What is cardiomyopathy?

Cardiomyopathy is a term used to describe a disease of the heart muscle. The name means: CARDIO - heart, MYO - muscle, PATHY - disease.

Currently it is not known how many people in Australia have the condition, but a general estimate suggests that perhaps one in five hundred may be affected.

The main types of cardiomyopathy are:

  • Dilated or 'enlarged' heart, the most common form
  • Hypertrophic, or 'thickened muscle'
  • Arrhythmogenic right ventricular, a more unusual form associated with arrhythmias
  • Restrictive, or 'stiff' heart, the least common
  • Ischaemic,  medically induced ??
  • Takotsubo, believed to be brought on by stressful events
  • Left ventricular noncompaction,where the walls of the left ventricle are spongy
  • Peripartum, which happens during pregnancy

More information on these types of cardiomyopathy can be found in the next sections.


Warning symptoms or complaints include shortness of breath, fatigue and a feeling of lethargy, palpitations, fainting attacks and sometimes chest pains.


Cardiomyopathy cannot usually be completely reversed or 'cured'. However, it can be helped or controlled by treatments which, depending on symptoms, may include medications, pacemakers, implantable defibrillators and, in a small number of cases, surgery. In its most advanced stages, cardiomyopathy may be treated by heart transplantation with good long-term results.

It is important to note that although the condition does vary in severity, the majority of those diagnosed will be able to lead a relatively normal life.


Depending on the type of cardiomyopathy diagnosed, people may be asked by their doctor to provide details of any family history of heart disease, including instances of sudden death. It may be suggested that other family members be screened, even if they appear to be free of symptoms.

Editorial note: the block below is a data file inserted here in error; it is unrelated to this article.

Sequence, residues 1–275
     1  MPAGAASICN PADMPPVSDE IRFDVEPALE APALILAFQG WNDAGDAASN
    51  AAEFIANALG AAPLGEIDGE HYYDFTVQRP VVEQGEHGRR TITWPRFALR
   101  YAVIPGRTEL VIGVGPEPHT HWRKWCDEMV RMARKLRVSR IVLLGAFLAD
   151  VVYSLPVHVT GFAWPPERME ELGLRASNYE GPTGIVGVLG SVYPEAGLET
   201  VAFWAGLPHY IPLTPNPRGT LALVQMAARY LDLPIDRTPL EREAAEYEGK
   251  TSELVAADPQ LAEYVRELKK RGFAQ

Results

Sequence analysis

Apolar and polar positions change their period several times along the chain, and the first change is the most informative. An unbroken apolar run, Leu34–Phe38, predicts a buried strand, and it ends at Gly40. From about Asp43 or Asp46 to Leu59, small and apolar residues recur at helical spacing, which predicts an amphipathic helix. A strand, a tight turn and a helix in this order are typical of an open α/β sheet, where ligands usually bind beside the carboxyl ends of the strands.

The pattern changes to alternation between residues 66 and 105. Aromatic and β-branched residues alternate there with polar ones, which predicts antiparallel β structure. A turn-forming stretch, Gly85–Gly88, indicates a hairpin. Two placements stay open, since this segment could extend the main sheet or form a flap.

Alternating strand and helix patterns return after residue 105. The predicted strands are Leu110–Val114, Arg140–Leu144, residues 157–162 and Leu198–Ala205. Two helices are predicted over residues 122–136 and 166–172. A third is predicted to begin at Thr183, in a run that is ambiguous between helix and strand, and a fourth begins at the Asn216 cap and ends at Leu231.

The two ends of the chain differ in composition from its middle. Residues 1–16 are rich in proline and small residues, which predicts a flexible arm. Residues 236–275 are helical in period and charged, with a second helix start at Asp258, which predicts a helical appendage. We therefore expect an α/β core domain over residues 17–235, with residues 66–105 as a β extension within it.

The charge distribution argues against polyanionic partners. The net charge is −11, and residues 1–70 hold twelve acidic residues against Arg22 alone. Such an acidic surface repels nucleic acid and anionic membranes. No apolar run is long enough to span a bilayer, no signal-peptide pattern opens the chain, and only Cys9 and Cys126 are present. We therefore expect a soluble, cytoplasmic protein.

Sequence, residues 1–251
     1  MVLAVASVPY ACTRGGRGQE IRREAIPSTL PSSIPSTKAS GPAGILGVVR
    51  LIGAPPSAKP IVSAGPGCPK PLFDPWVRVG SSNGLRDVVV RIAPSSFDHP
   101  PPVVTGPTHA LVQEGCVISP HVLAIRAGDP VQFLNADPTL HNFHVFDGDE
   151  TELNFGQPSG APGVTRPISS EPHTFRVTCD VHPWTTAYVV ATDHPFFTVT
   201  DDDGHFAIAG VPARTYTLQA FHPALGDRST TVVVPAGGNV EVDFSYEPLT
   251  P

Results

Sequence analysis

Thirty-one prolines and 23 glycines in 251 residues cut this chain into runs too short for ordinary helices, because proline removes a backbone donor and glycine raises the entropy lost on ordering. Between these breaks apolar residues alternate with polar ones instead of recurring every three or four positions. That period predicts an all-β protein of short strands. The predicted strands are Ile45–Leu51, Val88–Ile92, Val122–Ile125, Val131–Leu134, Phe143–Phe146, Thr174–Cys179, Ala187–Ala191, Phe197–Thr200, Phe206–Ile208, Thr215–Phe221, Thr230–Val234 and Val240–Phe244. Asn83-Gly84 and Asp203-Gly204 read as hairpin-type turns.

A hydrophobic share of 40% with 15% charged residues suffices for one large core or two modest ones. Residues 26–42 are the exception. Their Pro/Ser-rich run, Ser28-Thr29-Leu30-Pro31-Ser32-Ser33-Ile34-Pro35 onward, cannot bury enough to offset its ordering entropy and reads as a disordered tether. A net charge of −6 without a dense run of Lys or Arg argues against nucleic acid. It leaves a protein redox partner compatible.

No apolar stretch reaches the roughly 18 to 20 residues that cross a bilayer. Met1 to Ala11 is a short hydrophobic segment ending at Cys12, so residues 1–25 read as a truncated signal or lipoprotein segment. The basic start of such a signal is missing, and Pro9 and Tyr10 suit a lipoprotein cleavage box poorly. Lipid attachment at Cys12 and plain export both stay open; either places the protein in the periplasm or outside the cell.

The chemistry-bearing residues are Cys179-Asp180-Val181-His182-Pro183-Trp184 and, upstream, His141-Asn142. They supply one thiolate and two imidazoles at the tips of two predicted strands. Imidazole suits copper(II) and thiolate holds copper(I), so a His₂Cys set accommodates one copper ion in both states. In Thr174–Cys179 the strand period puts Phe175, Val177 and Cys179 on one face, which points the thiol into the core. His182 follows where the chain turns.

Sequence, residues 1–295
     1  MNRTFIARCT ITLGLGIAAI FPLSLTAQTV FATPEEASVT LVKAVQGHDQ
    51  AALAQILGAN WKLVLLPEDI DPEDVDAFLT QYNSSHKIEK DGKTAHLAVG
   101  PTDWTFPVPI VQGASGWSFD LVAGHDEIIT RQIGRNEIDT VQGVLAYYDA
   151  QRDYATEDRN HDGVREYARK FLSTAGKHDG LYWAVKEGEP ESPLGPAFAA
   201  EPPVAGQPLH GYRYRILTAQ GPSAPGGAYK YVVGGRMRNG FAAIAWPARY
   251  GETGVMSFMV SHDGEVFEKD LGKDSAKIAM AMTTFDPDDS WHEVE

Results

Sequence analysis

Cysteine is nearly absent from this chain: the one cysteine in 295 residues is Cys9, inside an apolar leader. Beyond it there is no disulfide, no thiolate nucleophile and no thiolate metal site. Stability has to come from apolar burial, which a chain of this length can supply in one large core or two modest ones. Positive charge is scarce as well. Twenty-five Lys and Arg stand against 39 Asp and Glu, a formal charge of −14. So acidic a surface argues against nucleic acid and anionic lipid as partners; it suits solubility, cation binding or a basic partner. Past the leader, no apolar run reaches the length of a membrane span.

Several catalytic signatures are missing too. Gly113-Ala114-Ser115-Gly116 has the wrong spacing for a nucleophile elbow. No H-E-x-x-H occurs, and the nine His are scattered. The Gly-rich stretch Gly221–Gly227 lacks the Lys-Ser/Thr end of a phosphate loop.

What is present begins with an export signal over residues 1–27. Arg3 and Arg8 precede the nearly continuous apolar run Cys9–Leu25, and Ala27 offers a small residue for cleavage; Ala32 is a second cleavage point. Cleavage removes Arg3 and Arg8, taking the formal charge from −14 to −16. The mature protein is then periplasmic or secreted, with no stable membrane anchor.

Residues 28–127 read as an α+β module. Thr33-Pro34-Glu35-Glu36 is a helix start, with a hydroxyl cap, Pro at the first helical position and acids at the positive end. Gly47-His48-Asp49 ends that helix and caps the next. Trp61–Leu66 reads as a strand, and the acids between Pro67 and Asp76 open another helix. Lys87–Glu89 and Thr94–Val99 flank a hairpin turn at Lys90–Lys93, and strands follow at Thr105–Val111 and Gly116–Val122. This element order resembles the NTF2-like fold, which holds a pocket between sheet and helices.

In hypertrophic cardiomyopathy there is a 50% chance of the condition passing from a parent to a child. Upon diagnosis, screening of close relatives is always recommended. There is no way of predicting how severe the condition may be in an affected individual. For this reason children in the family should be screened at regular intervals.


If you have concerns, arrange to see your GP as soon as possible and provide a comprehensive description of your symptoms - their nature, severity and frequency. As part of the initial examination, your GP may recommend a twelve-lead electrocardiogram (ECG) and an echocardiogram (ECHO) - an ultrasound scan of the heart. These are both non-invasive procedures.


At this stage it is common for people to want to learn as much as possible about their condition. Many also feel the need to share their experiences with others who have found themselves in a similar situation. It was for these reasons that the CMAA Ltd. was founded in 1994 - to make available up-to-date information on cardiomyopathy and to offer mutual support when needed.

Postal address: PO Box 2006, Surrey Hills,
Victoria 3127, Australia

36 091 171 470